The entire kingdom is preparing for Rapunzel's marriage to Eugene. Several guests are in attendance. Just as a brown-haired Rapunzel, accompanied by her father, completes her journey down the aisle to unite with Eugene, Maximus, who is carrying the rings on a pillow in his mouth, has a reaction to one of Pascal's flower petals and sneezes, expelling the rings down the aisle and out onto the city streets. Desperate to retrieve them, Pascal and Maximus sneak out of the chapel while Rapunzel and Eugene say their vows. After pursuing the rings on tumultuous chase around the kingdom and encountering several obstacles along the way, they finally manage to recover them from a flock of flying doves, crashing into a tar factory in the process. Pascal and Maximus return to the chapel just as the priest asks for the rings. Though shocked by their tar-covered appearance, Rapunzel and Flynn exchange rings nonetheless and share a kiss. Exhausted from their previous endeavors, Maximus sits down, nudging the wedding cake in the process and causing it, which has been positioned on wheels, to roll down the aisle.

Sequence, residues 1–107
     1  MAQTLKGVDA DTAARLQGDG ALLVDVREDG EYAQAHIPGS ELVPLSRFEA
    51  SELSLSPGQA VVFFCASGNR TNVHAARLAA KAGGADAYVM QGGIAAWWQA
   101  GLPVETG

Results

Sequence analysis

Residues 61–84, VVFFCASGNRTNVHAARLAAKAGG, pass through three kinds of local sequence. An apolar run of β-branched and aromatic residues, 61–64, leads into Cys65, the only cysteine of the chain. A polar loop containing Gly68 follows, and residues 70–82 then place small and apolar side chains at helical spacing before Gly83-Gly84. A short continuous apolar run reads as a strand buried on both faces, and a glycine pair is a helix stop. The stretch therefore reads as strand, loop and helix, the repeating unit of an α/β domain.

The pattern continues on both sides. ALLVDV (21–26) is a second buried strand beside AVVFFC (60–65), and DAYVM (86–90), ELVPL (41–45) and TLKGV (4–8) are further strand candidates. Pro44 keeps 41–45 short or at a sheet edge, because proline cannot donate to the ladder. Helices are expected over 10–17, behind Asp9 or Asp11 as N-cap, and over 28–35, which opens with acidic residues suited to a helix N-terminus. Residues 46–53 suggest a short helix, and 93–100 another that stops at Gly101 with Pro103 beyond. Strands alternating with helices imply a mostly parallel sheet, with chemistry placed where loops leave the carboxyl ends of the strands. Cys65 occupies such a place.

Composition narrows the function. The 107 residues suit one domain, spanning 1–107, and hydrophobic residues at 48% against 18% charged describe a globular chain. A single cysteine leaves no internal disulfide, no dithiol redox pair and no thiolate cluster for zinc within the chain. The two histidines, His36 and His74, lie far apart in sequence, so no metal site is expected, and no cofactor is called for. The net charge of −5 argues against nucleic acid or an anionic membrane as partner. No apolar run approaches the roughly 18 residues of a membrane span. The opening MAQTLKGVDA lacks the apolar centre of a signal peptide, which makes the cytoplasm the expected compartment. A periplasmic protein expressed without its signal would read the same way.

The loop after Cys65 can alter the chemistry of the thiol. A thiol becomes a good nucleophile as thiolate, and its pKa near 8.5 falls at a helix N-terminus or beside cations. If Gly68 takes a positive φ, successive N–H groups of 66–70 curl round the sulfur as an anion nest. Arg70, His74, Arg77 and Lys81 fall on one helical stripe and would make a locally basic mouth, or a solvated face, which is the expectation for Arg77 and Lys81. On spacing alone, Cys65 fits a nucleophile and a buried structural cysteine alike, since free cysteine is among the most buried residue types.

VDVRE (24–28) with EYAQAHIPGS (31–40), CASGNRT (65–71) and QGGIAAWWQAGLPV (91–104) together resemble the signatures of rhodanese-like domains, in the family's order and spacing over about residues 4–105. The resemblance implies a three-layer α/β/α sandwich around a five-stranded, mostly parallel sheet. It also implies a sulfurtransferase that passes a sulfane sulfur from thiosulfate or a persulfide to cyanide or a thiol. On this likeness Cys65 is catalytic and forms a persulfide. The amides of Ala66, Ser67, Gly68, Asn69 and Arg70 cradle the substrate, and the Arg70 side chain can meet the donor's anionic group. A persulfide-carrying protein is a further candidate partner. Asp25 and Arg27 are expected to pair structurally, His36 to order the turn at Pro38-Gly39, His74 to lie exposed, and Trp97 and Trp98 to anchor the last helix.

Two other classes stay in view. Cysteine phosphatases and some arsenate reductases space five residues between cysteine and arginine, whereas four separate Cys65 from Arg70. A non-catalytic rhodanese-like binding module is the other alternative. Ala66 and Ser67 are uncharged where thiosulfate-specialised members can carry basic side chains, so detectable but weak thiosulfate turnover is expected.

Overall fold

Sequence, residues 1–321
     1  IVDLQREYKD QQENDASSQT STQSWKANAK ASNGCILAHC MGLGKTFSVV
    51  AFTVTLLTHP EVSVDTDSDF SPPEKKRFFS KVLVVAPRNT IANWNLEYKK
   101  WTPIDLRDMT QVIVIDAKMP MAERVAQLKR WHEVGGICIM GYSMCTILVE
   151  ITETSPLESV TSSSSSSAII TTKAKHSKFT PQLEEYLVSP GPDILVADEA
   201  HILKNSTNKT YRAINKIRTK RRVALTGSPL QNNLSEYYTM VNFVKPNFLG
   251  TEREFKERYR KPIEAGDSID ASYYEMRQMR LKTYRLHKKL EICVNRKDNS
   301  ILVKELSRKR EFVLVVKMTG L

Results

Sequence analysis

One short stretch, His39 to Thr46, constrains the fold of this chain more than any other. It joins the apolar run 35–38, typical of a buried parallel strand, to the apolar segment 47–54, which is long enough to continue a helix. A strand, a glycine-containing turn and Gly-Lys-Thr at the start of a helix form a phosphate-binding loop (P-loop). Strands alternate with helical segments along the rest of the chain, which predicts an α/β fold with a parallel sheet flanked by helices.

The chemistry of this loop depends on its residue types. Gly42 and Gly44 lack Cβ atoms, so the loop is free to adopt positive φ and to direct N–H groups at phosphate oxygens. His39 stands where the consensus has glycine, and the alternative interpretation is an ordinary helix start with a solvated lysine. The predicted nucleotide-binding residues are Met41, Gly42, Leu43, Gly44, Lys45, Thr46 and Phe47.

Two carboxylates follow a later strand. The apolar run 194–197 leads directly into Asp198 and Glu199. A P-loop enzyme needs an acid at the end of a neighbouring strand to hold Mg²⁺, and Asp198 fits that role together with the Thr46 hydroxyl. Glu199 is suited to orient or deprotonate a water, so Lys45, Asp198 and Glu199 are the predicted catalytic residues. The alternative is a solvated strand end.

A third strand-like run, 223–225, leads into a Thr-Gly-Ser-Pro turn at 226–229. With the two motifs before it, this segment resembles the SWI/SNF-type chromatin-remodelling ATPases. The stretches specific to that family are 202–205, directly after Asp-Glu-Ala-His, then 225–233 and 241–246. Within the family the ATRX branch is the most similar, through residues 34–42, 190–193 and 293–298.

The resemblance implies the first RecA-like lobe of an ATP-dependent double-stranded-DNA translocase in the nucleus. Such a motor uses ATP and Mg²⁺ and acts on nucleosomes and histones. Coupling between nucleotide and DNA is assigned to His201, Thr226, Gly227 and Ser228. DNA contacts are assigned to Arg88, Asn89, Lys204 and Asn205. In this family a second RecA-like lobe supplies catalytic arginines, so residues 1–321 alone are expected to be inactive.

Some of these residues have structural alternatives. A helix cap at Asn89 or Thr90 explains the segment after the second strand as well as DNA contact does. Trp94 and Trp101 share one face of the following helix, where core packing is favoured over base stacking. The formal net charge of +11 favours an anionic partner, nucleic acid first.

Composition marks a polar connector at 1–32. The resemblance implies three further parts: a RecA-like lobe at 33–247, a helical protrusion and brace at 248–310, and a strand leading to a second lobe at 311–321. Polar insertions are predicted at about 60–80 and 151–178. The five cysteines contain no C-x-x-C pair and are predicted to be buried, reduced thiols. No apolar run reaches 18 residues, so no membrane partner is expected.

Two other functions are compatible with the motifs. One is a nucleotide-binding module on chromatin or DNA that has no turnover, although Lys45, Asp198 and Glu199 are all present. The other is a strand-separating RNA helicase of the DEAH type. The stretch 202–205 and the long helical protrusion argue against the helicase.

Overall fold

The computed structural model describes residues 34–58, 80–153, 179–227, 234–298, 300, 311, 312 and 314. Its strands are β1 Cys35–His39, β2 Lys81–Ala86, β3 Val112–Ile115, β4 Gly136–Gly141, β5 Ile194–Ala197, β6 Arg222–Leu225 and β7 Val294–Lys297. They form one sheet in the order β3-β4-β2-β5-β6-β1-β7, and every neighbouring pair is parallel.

With Rapunzel I did an enormous amount of drawings and I wanted to keep a sense of asymmetry in her. I read a book about feminine beauty and it said the key to beauty is strangeness in a woman's face. There needs to be something slightly off, some element; it might be her nose, her lip, her tooth, or one eye higher than the other, but something. Even in Rapunzel's teeth, the way she talks, there's something a little bit wonky in the placement of her teeth, and things like that were designed so that she was more real, true and appealing. (Glen Keane, Rapunzel's supervising animator)
Rapunzel was the first blonde-haired Disney animated heroine since Aurora in Sleeping Beauty (1959)
Also you can watch Tangled (2010)
Directed by Nathan Greno and Byron Howard; produced by Aimee Scribner; written by Nathan Greno, Byron Howard; music by Kevin Kliesch; edited by David Bess, Lisa Linder, Tim Mertens.